The present invention relates to compounds capable of regulating and/or modulating tyrosine kinase signal transduction and more particularly receptor and non-receptor tyrosine kinase signal transduction.

Receptor tyrosine kinase mediated signal transduction is initiated by extracellular interaction with a specific growth factor (ligand), followed by receptor dimerization, transient stimulation of the intrinsic protein tyrosine kinase activity and phosphorylation. Binding sites are thereby created for intracellular signal transduction molecules and lead to the formation of complexes with a spectrum of cytoplasmic signalling molecules that facilitate the appropriate cellular response (e.g., cell division, metabolic effects to the extracellular microenvironment). See, Schlessinger and Ullrich, 1992, Neuron 9:383-391.

It has been shown that tyrosine phosphorylation sites in growth factor receptors function as high-affinity binding sites for SH2 (src homology) domains of signaling molecules. Fantl et al., 1992, Cell 69:413-423; Songyang et al., 1994, Mol. Cell. Biol. 14:2777-2785); Songyang et al., 1993, Cell 72:767-778; and Koch et al., 1991, Science 252:668-678. Several intracellular substrate proteins that associate with receptor tyrosine kinases have been identified. They may be divided into two principal groups: (1) substrates which have a catalytic domain; and (2) substrates which lack such domain but serve as adapters and associate with catalytically active molecules. Songyang et al., 1993, Cell 72:767-778. The specificity of the interactions between receptors and SH2 domains of their substrates is determined by the amino acid residues immediately surrounding the phosphorylated tyrosine residue. Differences in the binding affinities between SH2 domains and the amino acid sequences surrounding the phosphotyrosine residues on particular receptors are consistent with the observed differences in their substrate phosphorylation profiles. Songyang et al., 1993, Cell 72:767-778. These observations suggest that the function of each receptor tyrosine kinase is determined not only by its pattern of expression and ligand availability but also by the array of downstream signal transduction pathways that are activated by a particular receptor. Thus, phosphorylation provides an important regulatory step which determines the selectivity of signaling pathways recruited by specific growth factor receptors, as well as differentiation factor receptors.

Tyrosine kinase signal transduction results in, among other responses, cell proliferation, differentiation and metabolism. Abnormal cell proliferation may result in a wide array of disorders and diseases, including the development of neoplasia such as carcinoma, sarcoma, leukemia, glioblastoma, hemangioma, psoriasis, arteriosclerosis, arthritis and diabetic retinopathy (or other disorders related to uncontrolled angiogenesis and/or vasculogenesis).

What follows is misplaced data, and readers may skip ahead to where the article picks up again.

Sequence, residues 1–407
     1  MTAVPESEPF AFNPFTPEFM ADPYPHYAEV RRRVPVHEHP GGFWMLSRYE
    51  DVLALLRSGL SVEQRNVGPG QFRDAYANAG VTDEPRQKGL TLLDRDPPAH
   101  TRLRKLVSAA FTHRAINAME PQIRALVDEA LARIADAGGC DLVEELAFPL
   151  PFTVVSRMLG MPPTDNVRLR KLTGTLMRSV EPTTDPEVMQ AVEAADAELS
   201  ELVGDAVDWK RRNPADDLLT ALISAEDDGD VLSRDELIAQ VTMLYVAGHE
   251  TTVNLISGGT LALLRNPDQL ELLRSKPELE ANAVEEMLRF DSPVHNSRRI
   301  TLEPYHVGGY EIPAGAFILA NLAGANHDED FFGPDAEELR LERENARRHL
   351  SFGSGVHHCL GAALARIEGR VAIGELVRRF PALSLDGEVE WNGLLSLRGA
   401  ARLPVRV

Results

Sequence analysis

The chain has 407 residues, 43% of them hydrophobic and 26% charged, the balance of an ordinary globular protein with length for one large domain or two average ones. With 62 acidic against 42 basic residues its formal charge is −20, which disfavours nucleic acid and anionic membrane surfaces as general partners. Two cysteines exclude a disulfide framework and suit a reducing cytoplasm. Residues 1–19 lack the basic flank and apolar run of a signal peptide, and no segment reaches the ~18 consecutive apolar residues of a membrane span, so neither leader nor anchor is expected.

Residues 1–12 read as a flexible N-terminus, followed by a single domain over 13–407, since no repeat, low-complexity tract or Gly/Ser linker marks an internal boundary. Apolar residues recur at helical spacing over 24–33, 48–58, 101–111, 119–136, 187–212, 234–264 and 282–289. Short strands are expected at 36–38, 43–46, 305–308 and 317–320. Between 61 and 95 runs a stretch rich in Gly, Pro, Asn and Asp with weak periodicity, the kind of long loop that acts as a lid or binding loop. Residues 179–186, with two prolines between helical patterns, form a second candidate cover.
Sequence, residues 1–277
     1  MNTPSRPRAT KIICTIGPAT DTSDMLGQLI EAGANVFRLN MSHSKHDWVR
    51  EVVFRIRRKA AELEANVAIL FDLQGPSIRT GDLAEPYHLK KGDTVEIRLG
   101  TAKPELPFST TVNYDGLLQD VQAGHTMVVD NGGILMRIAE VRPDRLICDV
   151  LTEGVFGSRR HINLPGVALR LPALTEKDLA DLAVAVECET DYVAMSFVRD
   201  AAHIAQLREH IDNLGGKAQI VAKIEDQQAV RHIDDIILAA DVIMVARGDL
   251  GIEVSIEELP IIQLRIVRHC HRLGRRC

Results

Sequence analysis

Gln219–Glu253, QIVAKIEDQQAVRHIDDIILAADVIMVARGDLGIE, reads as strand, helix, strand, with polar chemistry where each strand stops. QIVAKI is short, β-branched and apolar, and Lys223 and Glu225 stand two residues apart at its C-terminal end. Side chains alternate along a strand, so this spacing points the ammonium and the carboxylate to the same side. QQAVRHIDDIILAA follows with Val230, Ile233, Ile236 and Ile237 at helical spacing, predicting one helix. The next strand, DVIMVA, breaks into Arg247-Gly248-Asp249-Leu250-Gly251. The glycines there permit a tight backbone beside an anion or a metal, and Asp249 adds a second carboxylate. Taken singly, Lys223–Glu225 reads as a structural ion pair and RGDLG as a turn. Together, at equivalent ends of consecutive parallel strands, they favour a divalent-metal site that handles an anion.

This invention is therefore directed to compounds which regulate, modulate and/or inhibit disorders associated with abnormal cell proliferation by affecting the enzymatic activity of the RTKs and/or the non-receptor tyrosine kinases and interfering with the signal transduced such proteins. More particularly, the present invention is directed to compounds which regulate, modulate and/or inhibit the RTK and/or non-receptor tyrosine kinase mediated signal transduction pathways as a therapeutic approach to cure leukemia and many kinds of solid tumors, including but not limited to carcinoma, sarcoma, erythroblastoma, glioblastoma, meningioma, astrocytoma, melanoma and myoblastoma. Indications may include, but are not limited to brain cancers, bladder cancers, ovarian cancers, gastric cancers, pancreas cancers, colon cancers, blood cancers, lung cancers and bone cancers.

4.1. The Compounds

The invention is generally directed to compounds and/or compositions comprising compounds having the formulae: ##STR3## wherein: X is O or S;

R1 is a 5 or 6 membered mono- or bicyclic aryl or heteroaryl, substituted or unsubstituted ring wherein the preferred substituents are N-alkyl, C-alkyl, nitro, sulfonyl, hydroxy, alkoxy, halo, trihalo methyl, carboxy, carboxamide, amide, sulfonamide, H and cyano; and

R2, R3, R4 and/or R5 hydrogen are hydroxy, halo, carboxamide, trihalomethyl, nitro, cyano, carboxy, amide, sulfonyl or sulfonamide.

Preferably, the compounds have the formulae: ##STR4## wherein R is:

____________________________________________________________________________     phenyl     2,5-dimethoxyphenyl     pyrid-4-yl     4-dimethylaminophenyl     4-isopropylphenyl     pyrrol-2-yl     4-nitrophenyl     4-trifluoromethylphenyl     thien-2-yl______________________________________

The chemical formulae referred herein may exhibit the phenomenon of tautomerism. As the formulae drawing within this specification can only represent one of the possible tautomeric forms, it should be understood that the invention encompasses any tautomeric form which possesses the ability to regulate and/or modulate cell proliferation and is not limited to any one tautomeric form utilized within the formulae drawing.

In addition to the above compounds and their pharmaceutically acceptable salts, the invention is further directed, where applicable, to solvated as well as unsolvated forms of the compounds (e.g. hydrated forms) having the ability to regulate and/or modulate cell proliferation.

The compounds described above may be prepared by any process known to be applicable to the preparation of chemically-related compounds. Suitable processes are illustrated by the following representative examples. Necessary starting materials may be obtained by standard procedures of organic chemistry.